Cooking is in Jeronimo Madril’s blood. The native Tucsonan grew up in the kitchen of Longhorn Bar and Grill in Amado, where his dad was the chef and owner until 2012. After working almost every job in the kitchen from dishwasher to line cook, Madril decided to open his own food truck as a way to feed the community he loves.
“I’ve always liked kitchens—the energy, the gratitude … what attracted me to being a chef was the people,” Madril said. He started busing tables at Longhorn Bar and Grill around age 8, moved on to tossing pizzas at the family pizzeria soon after, and at age 16 got a job at Delectables on Fourth Avenue, where Madril pushed his way to dishwashing, and eventually food preparation. One busy night, he got called to work the line. “I got my ass kicked,” Madril said with a chuckle. And he wanted to learn more. As a 20-year-old culinary student at The Art Institute of Tucson, he learned about pastry, Asian cuisine, and fermentation, among other things. After graduating from The Art Institute in 2013, Madril got a job in catering at the former Marriott, now Tucson University Park Hotel, on University.
Madril had spent his teenage years skateboarding around Fourth Avenue and Barrio Centro, and still felt a deep sense of belonging there. “Growing up on Fourth Ave., if you ever get the opportunity to work at Che’s [Lounge], you do it,” he explained. While working at Che’s Lounge, Madril connected with the Barrio Centro community through Flowers and Bullets, a local organization that encourages sustainable living in the Barrio by sharing skills, making connections, and listening.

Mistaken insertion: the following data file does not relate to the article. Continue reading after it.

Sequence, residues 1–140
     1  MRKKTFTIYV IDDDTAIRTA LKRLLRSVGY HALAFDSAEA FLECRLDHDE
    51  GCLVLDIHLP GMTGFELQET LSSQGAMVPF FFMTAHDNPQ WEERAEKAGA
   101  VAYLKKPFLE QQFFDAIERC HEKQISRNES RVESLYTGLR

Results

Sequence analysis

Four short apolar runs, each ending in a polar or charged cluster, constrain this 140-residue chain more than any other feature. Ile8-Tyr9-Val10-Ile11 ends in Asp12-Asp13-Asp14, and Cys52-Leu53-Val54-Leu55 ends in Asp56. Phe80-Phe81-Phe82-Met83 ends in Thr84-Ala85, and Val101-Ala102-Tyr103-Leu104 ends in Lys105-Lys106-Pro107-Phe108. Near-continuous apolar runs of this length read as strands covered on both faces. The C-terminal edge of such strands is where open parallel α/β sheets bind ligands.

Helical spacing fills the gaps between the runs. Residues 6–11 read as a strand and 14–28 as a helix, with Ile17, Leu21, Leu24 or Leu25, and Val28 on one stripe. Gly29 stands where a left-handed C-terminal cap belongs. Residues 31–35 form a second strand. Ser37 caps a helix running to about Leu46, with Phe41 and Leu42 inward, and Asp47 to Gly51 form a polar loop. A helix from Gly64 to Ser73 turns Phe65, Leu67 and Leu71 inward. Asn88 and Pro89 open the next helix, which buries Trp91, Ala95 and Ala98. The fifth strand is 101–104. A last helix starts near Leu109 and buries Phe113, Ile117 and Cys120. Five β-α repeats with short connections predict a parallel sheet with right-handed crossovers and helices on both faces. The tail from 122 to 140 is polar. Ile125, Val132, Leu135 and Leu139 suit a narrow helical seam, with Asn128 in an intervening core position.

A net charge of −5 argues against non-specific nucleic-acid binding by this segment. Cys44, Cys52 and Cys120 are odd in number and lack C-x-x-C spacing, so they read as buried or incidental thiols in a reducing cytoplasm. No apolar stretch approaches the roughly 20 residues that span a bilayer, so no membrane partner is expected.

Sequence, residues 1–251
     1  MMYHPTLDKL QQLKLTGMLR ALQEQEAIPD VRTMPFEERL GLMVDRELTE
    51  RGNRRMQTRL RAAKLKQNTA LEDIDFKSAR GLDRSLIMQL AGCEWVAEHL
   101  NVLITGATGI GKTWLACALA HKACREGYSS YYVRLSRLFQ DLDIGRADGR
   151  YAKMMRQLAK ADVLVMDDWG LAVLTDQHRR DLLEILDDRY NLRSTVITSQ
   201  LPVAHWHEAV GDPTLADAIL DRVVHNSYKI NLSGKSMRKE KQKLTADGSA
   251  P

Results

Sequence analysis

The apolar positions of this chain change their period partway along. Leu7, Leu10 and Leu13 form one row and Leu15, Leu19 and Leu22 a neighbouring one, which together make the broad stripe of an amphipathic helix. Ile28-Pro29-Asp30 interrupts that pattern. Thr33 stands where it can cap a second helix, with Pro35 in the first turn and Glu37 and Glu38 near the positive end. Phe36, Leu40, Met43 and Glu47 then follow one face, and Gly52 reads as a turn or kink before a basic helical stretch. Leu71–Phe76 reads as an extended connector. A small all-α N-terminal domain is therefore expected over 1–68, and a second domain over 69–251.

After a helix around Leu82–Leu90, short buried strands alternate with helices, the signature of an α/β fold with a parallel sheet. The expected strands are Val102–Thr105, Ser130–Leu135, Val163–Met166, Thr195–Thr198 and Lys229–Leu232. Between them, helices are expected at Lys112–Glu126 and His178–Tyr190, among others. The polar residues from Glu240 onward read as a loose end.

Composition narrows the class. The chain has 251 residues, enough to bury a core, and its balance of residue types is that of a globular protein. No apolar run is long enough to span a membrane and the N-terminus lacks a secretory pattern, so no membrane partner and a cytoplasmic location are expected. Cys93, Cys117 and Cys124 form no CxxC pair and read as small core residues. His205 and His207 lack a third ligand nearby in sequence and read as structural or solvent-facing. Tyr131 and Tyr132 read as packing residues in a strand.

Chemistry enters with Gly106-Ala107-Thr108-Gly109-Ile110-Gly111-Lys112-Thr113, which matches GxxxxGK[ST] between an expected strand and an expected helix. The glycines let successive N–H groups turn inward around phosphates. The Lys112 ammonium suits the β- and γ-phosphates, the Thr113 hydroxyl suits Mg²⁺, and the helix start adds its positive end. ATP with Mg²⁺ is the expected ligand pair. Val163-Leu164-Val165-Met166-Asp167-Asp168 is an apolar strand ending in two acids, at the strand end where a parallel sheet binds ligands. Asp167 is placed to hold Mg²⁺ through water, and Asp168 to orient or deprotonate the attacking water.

Flowers and Bullets encouraged Madril to start his own food truck, and offered him some of the connections and entrepreneurial knowledge he needed to do so. It was through Flowers and Bullets that Madril met André Newman, co-owner of Purple Tree Organic Açaí Blends, who gave him advice and sold him a food truck in 2015. “Without Flowers and Bullets I would never have met André or started the food truck,” Madril said. After two years of gradually buying equipment for the food truck, Madril opened Geronimo’s Revenge in March 2017.
Geronimo’s Revenge echoes the idea that, when you invest in your community, it affects everyone. “One of the biggest goals of the truck is to buy from local purveyors and people,” Madril said. He sources as much food as possible from farmers’ markets, local farms, and backyard gardeners. Food that can be composted is composted; everything else goes to feed a friend’s pig. The mural on the side of the truck changes seasonally, features local artists, and promotes the idea that “you should get paid for your art,” Madril said. And the food is downright delicious.
The rotating menu at Geronimo’s Revenge caters to a broad spectrum of dietary needs and preferences. While The Tucsono, a bun stuffed with slow-simmered citrus pork, Black Forest ham, cabbage, and yogurt crema, is Madril’s favorite menu item, he realizes that “everyone has to eat.” And so, he serves vegan mac and cheese, provides healthy options, and stays open until 2 a.m. on the weekend. “When everybody works together, we can feed our awesome avenue and community,” Madril said.